The next morning, he is at his desk when I say good-bye. It's a bright Texas morning. March 29, 2003. The San Antonio Express-News had a headline the day before: "Deployment. Fort Hood's 4th Infantry Division Moves Out." The country is now at war and we are in San Antonio, a city of military bases. Starbucks on Broadway is filled with young army officers from Fort Sam Houston. They wear camouflage clothes and are on their way to Baghdad. "Macchiato skim," one says.
Fort Sam Houston, the country club of the army, borders the lush suburb of Alamo Heights. It's an oasis of privilege with a Texas zip code that is used conversationally—"09," for 78209, the demographic of debutantes and ranch kings, fiesta princesses, new-money Latinos and WASP bankers with Roman numerals after their names, some of which date back to the Battle of the Alamo.
"What do you think of the war?" I ask a woman I went to high school with. "I don't watch anything depressing," she says. "I know y'all are concerned about 9/11, but we feel so safe down here."
Starbucks had a swarm of kids leaving for Iraq, I say when I walk up the stairs of Carl's house. He has a shredder next to him, and at the moment I arrive, he is filling it with orchard reports, glossy brochures for Procure Fertilizers, invitations for dinners at the McNay Art Museum. I think nothing of this. He is a neat freak who shreds everything that crosses his desk. He has always lined up his pencils and sharpened them just so.
On the wall where he works is a large map of South Africa in the Boer years, framed in antique gold, and several pictures of our grandfather, Isidor, a man of committees and awards, donating his specimen camellia bushes to a worthy cause. It is a mystery to me why Carl has kept a shrine to a relative he did not know. He looks out of large windows with window seats to neat stone houses of 78209 and bright lawns with a sea of bluebonnets in the grass. You know it's March in Texas when you take to the hill country and see an unending blue mist covering the fields.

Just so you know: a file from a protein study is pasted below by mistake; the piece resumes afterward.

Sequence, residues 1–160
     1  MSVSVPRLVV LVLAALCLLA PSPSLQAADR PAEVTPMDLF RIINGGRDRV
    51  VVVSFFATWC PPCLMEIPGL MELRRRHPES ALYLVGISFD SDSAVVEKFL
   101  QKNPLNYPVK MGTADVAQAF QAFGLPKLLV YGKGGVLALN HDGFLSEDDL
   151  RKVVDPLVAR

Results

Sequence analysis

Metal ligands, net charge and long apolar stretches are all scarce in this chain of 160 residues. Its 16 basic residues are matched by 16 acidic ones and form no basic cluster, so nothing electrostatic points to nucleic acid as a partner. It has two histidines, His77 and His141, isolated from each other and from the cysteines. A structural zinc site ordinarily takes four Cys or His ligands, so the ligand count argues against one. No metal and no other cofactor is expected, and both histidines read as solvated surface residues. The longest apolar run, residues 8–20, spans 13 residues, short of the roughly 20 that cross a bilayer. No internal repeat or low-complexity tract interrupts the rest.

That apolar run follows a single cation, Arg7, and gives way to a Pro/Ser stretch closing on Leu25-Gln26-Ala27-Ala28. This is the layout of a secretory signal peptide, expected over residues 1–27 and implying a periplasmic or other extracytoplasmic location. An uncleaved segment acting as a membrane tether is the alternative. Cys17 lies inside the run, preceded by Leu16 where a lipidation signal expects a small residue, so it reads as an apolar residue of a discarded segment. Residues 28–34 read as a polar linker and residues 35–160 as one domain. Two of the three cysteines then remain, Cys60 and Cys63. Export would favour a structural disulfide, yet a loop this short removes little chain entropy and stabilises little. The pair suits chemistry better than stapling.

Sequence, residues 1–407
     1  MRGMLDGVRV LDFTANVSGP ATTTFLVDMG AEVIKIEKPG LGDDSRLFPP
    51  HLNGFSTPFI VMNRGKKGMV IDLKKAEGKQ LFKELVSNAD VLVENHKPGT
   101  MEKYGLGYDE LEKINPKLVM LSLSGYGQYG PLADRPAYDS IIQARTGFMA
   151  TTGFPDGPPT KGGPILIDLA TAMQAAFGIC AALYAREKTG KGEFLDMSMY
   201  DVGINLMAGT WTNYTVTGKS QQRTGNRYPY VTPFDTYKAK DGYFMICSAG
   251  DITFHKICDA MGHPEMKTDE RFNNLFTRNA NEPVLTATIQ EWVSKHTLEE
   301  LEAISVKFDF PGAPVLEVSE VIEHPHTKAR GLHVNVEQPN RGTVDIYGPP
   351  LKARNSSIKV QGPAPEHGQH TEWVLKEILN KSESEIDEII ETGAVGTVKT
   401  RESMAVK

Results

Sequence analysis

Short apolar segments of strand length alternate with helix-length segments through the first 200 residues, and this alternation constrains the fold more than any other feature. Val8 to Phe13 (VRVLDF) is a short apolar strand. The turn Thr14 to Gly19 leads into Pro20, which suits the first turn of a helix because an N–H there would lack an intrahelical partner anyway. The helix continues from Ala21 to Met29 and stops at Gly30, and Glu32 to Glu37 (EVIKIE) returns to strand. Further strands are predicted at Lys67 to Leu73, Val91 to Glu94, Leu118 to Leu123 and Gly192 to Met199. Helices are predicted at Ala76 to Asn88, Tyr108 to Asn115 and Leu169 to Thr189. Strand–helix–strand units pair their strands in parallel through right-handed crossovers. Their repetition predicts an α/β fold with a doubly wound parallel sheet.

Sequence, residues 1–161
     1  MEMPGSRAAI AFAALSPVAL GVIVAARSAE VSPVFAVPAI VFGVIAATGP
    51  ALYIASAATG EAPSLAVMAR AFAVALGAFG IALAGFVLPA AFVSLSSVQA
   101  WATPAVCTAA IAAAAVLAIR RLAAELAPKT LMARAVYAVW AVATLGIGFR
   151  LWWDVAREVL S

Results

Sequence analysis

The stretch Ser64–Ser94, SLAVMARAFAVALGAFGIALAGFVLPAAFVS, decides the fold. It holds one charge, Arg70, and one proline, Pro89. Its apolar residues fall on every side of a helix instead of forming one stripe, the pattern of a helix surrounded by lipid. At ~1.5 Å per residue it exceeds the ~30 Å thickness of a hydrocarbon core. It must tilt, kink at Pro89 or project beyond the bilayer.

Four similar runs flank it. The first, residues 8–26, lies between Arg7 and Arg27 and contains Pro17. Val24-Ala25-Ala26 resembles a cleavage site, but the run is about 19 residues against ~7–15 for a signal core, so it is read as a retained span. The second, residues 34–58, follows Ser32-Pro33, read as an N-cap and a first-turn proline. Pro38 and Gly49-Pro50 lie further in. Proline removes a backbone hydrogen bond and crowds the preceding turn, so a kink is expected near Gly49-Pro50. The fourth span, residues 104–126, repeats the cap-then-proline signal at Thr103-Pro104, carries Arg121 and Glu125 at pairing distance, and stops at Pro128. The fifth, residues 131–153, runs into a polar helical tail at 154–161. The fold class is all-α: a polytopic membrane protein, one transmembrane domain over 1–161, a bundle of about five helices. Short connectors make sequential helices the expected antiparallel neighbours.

Carl's bloodwork is coming through the fax. He stares at the numbers. He is now a student of the CRP test, which measures inflammation and must read 3 or less; the CEA; the glutathione test, which is a barometer of the liver; a new one, the CA 19-9, with its Geiger counter to monitor the pancreas; the prothrombin, which tells you about clotting; the remnant lipo test, IDL plus VLDL3.
My CEA is going nuts, he says.
It is just a number, I reply too quickly. These numbers go up and down. You know that.
He's working with an assistant, a woman I have met through someone at the gym. I pretend, just like Frika, that everything is as it always has been. That I can escape. That my brother is normal. That this time in his life is just a challenge, a euphemism I use all the time. That his condition is "chronic." Something to be handled. Another euphemism. I am going back to my home in New York City. Just six hours away, I tell myself. We have blown past whatever went on the night before. We always do. Anger is our Prozac. I am trying to train myself to say: I love it when you're angry! You sound like you did when you were fourteen! Or: Here you go again! That wonderful juicy aliveness! Rage! Instead, I yell back and get stuck in a whirl of fury—what the Buddhists call samsara—the endless repetition of a treadmill, the prison I am in.
You have the best doctors in the country.
I know, he says.
This is manageable, I say.